This article was published in Australian Dictionary of Biography, Volume 16, (MUP), 2002
Robert William Rankin (1907-1942), naval officer, was born on 3 June 1907 at Cobar, New South Wales, second of three children of Australian-born parents Francis John Rankin, sharebroker's clerk, and his wife Florence May, née Harvey. Robert was educated at Merrylands Public School, Sydney, and Parramatta High School. In 1921 he entered the Royal Australian Naval College, Jervis Bay, Federal Capital Territory. Nicknamed 'Oscar', he excelled at Rugby Union football, became cadet captain and graduated in 1924 with prizes for engineering and mathematics. Having served as a midshipman in H.M.A. ships Brisbane and Melbourne, Rankin undertook training with the Royal Navy in 1926. Next year he attended the junior officers' war-course at the R.N. College, Greenwich, where he was one of six sub lieutenants whose essays were commended by the Admiralty. Following further courses at Portsmouth, he joined the newly commissioned cruiser H.M.A.S. Canberra in 1928 and returned in her to Australia where he was promoted lieutenant in August 1929.
Deciding to specialize in hydrography, Rankin joined the survey ship H.M.A.S. Moresby on 18 January 1934. Apart from occasional periods on shore, he charted Australian and New Guinea waters until February 1938. His superiors regarded him as a keen, hard-working officer, if somewhat lacking in powers of command. At the Bellevue Hotel, Brisbane, on 4 October 1937 he married with Catholic rites Mary Glennie Broughton, a 25-year-old nurse.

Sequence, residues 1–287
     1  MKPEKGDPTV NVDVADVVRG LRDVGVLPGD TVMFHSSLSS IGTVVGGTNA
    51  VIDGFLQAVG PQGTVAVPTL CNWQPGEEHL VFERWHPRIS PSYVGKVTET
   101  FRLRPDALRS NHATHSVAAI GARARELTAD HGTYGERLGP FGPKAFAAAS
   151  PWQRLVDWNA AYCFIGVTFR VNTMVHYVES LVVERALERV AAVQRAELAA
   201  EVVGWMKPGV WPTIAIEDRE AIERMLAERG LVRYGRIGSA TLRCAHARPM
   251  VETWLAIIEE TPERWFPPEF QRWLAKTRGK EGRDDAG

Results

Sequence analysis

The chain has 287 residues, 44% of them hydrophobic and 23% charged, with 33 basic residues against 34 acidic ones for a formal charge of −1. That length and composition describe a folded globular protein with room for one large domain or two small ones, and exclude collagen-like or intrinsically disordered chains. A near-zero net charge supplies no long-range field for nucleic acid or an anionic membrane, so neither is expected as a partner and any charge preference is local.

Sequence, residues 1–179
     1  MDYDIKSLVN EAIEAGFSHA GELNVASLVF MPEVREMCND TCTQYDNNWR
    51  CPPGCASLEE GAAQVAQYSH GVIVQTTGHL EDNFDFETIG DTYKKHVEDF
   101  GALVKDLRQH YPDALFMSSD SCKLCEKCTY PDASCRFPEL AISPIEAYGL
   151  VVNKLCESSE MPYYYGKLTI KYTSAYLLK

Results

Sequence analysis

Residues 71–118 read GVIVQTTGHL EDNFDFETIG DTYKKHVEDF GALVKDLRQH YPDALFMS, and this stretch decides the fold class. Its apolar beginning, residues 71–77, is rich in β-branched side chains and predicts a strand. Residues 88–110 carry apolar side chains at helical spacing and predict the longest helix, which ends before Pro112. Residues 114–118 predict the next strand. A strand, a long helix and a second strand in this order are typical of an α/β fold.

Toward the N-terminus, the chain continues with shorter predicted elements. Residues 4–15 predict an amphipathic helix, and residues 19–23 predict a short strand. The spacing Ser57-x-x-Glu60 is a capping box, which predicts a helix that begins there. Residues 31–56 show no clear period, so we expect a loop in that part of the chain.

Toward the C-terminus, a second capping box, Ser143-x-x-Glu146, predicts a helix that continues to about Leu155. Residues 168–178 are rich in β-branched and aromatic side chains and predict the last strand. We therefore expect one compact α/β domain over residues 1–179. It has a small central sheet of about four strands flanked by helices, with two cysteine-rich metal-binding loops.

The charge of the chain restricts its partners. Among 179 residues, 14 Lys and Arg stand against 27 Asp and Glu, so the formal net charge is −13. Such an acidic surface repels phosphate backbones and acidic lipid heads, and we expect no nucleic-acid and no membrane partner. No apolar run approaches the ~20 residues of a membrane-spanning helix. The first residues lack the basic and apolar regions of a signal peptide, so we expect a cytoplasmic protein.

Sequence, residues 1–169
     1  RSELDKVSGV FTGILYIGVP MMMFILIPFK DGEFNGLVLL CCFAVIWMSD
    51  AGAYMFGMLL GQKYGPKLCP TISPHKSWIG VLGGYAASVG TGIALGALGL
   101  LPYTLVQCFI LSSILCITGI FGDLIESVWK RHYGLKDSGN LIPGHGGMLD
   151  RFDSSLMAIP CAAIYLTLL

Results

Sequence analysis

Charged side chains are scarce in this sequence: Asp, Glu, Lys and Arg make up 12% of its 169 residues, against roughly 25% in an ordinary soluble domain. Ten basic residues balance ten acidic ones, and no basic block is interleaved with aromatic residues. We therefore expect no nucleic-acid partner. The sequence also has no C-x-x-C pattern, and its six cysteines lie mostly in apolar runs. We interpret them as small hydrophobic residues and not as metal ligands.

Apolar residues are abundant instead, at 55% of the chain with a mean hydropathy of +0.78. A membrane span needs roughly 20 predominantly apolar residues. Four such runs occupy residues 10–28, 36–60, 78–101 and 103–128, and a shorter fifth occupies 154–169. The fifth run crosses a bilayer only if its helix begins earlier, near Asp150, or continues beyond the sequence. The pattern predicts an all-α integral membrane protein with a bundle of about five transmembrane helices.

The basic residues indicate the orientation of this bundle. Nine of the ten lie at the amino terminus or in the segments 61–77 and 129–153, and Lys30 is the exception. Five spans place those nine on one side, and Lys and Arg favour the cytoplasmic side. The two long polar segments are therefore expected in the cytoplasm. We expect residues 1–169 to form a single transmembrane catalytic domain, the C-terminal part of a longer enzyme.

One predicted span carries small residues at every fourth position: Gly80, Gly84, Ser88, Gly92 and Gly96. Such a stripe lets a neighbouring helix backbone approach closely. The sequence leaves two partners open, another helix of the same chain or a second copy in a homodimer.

Rankin had been promoted lieutenant commander in August 1937. Sent to Britain on exchange duty, he was posted (March 1938) to the Home Fleet's H.M.S. Gleaner, a minesweeper engaged in survey work. After courses at H.M.S. Dryad, he was appointed (December 1939) to the repair-ship H.M.S. Resource as first lieutenant. Serving in the Mediterranean and South Atlantic under difficult wartime conditions, he proved a 'conspicuous success'.
Back in New South Wales from September 1941, Rankin was employed on a survey of the Broken Bay-Pittwater area. Early in 1942 he was posted to the sloop H.M.A.S. Yarra, with the intention that he would succeed (Sir) Hastings Harrington in command. On 5 February, while under air-attack near Singapore, Yarra took on board 1804 people from the burning troop-ship Empress of Asia. Harrington commended Rankin's help in organizing the rescue.
Rankin assumed command of Yarra on 11 February 1942 and performed escort duties around the Netherlands East Indies. At 6.30 on the morning of 4 March, while escorting a small convoy from Java to Australia, the sloop encountered a Japanese squadron comprising three cruisers and two destroyers. Rankin immediately transmitted a sighting report, ordered the convoy to scatter, and placed Yarra between the enemy and the fleeing ships. The sloop made smoke and vainly engaged the enemy with her 4-inch (102 mm) guns, but the convoy was quickly overwhelmed. Yarra fought to the last. Some time after 8 a.m. Rankin finally gave the order to abandon ship. A direct hit on the bridge killed him minutes later. Of Yarra's complement of 151 men, only thirteen were rescued. Rankin's wife and daughter survived him. In 2000 a Collins-class submarine was named after him.
Richard Pelvin, 'Rankin, Robert William (1907–1942)', Australian Dictionary of Biography, National Centre of Biography, Australian National University, http://adb.anu.edu.au/biography/rankin-robert-william-11487/text20485, published first in hardcopy 2002, accessed online 6 December 2016.
This article was first published in hardcopy in Australian Dictionary of Biography, Volume 16, (MUP), 2002